Kim Perell is never far from the ocean. An avid traveler, Perell has been to more than 70 countries, finding inspiration in the great blue.
“I just feel the power,” she says. “It’s a reminder of how life is full of amazing opportunity.”
Born to entrepreneurial parents, Perell grew up listening to discussions about growth strategies and smart budget cuts at the family dinner table in Portland, Oregon. Now the 40-year-old serial entrepreneur shares a home in San Diego with her husband and their 3-year-old fraternal twins, yet a new tropical getaway is always on the horizon.
As enviable as her adventures look on paper, Perell’s life wasn’t always cushioned. Her father, a real estate developer, took a strict no-BS stance on life, often telling her: “Eight hours? That’s a half-day. Go back to work.” She spent hours visiting his job sites and appointing Meyers-Briggs labels to staff files with her mother, an organizational behavioral consultant. Witnessing the stressful and financially uncertain roller coaster of business taught Perell resilience, passion and a strong work ethic.
“It was their purpose as opposed to a job because they owned it and ran it,” Perell says. “They lived it and breathed it. If you’re doing it because you love it, eight hours turns into 16 very fast.”
Armed with experience, Perell has been building and navigating her way through the highly competitive digital startup industry, most recently as CEO of digital marketing firm Amobee, valued at an estimated $100 million. Now she’s ready to share the blueprint of more than a decade of experience with other entrepreneurs in her upcoming book The Execution Factor, through McGraw-Hill.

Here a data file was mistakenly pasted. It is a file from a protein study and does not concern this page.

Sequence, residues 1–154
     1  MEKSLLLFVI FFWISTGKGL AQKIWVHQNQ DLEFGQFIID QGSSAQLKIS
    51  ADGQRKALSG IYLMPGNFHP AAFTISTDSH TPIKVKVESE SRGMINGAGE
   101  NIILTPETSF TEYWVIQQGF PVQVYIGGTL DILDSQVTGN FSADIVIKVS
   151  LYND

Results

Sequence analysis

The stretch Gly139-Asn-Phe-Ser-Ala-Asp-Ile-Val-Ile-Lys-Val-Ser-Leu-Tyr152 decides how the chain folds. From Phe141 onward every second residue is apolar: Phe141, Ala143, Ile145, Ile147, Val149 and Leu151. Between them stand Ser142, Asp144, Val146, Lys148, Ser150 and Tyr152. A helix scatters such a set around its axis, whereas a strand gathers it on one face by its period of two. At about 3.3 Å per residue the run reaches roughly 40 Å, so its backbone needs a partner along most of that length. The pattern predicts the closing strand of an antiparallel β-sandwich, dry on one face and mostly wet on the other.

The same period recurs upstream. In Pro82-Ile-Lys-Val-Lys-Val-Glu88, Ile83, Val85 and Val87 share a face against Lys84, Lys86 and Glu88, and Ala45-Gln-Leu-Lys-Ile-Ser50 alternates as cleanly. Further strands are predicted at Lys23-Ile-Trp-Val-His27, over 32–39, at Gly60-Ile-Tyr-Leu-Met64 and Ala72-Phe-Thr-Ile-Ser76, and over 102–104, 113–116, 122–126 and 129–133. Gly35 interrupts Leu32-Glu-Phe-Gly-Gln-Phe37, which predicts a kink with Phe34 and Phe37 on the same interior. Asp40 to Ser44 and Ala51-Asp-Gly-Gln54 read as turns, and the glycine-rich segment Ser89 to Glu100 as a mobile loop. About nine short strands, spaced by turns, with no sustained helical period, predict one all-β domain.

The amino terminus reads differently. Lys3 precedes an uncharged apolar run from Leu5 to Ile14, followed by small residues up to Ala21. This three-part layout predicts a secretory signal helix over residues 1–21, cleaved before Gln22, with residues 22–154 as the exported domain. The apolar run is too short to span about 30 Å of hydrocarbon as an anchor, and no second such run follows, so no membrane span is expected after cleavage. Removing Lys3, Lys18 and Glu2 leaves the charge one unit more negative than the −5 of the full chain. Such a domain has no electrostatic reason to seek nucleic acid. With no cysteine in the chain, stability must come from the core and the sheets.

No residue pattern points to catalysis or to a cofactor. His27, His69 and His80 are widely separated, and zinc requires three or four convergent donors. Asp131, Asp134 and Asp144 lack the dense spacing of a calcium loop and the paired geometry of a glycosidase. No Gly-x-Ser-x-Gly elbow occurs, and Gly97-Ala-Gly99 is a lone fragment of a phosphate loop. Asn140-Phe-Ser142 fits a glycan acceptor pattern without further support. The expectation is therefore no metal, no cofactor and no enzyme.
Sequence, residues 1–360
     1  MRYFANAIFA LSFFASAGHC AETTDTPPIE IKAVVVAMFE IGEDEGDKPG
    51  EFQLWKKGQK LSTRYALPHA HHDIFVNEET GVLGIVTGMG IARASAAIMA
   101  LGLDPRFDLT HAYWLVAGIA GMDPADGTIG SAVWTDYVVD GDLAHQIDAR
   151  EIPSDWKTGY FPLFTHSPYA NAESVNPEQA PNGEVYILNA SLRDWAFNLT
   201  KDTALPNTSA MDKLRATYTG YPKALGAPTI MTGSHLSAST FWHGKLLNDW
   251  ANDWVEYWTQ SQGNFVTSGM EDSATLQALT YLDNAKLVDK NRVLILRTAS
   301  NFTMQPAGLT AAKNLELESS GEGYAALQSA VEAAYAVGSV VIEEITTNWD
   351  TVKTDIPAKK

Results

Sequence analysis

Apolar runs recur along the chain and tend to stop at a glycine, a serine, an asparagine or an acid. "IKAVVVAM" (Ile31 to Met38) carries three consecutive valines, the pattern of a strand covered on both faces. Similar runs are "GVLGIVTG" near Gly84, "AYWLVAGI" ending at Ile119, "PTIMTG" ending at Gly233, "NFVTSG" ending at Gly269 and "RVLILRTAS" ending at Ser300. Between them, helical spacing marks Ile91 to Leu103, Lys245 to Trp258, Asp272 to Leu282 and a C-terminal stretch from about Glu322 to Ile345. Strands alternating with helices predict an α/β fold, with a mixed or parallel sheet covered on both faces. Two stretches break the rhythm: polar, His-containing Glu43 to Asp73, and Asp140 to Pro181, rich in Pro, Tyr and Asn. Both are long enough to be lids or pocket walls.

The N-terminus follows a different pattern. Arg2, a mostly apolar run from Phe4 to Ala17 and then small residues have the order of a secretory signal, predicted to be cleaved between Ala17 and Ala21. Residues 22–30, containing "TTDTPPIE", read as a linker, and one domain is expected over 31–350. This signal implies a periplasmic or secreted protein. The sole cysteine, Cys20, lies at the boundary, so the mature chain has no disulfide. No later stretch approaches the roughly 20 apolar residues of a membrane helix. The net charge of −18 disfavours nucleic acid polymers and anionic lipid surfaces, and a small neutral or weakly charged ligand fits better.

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In some ways, Perell was groomed for the entrepreneurial life. Taught to create her own opportunities, she collected aluminum cans from neighbors to recycle for spending money. Interested in horseback riding, she cleaned stables for seven hours in exchange for a one-hour lesson. She worked at a pizza shop and sold men’s suits to fund a car at 16. As a full-time student at Pepperdine, she worked two jobs at an investment bank and a direct marketing company.
“You can’t put a price on experience. I love being an entrepreneur. I love ideas. But you have to be realistic and you have to live.”
She found failure just as quickly as success. A fresh-faced college graduate, she eagerly joined the dot-com boom as director of marketing and sales for internet startup Xdrive Technology, a Dropbox forerunner. Despite her lack of experience, Perell acquired 10 million members and generated more than $9 million in advertising revenue to become the only division in the company making money. But like so many others in the dot-com bubble, Xdrive fueled its rapid growth at the expense of cash flow and profitability. Over the next two years, the company plummeted, and by 2001, Perell was firing dozens of her friends before being laid off herself.
“That was probably the worst thing that ever happened to me, but looking back, it created such an incredible opportunity,” Perell says.
Less than a year later, Perell was launching her first startup, Frontline Direct, a performance marketing company, from the kitchen table of her in-laws’ home in Hawaii. She funded it with the remaining $10,000 in her bank account and any available credit card balances. Still reeling from the devastating rise and fall of Xdrive, Perell was determined not to repeat the company’s mistakes. She and her husband worked tirelessly to stay in contact with clients on the East Coast. Their hard work paid off, bringing in nearly double revenue year after year, reaching $100 million by 2010 with 380 customers and 74 employees.
“If I didn’t believe or wasn’t passionate about it, I just wouldn’t do it,” Perell says. “It wouldn’t be worth the day.”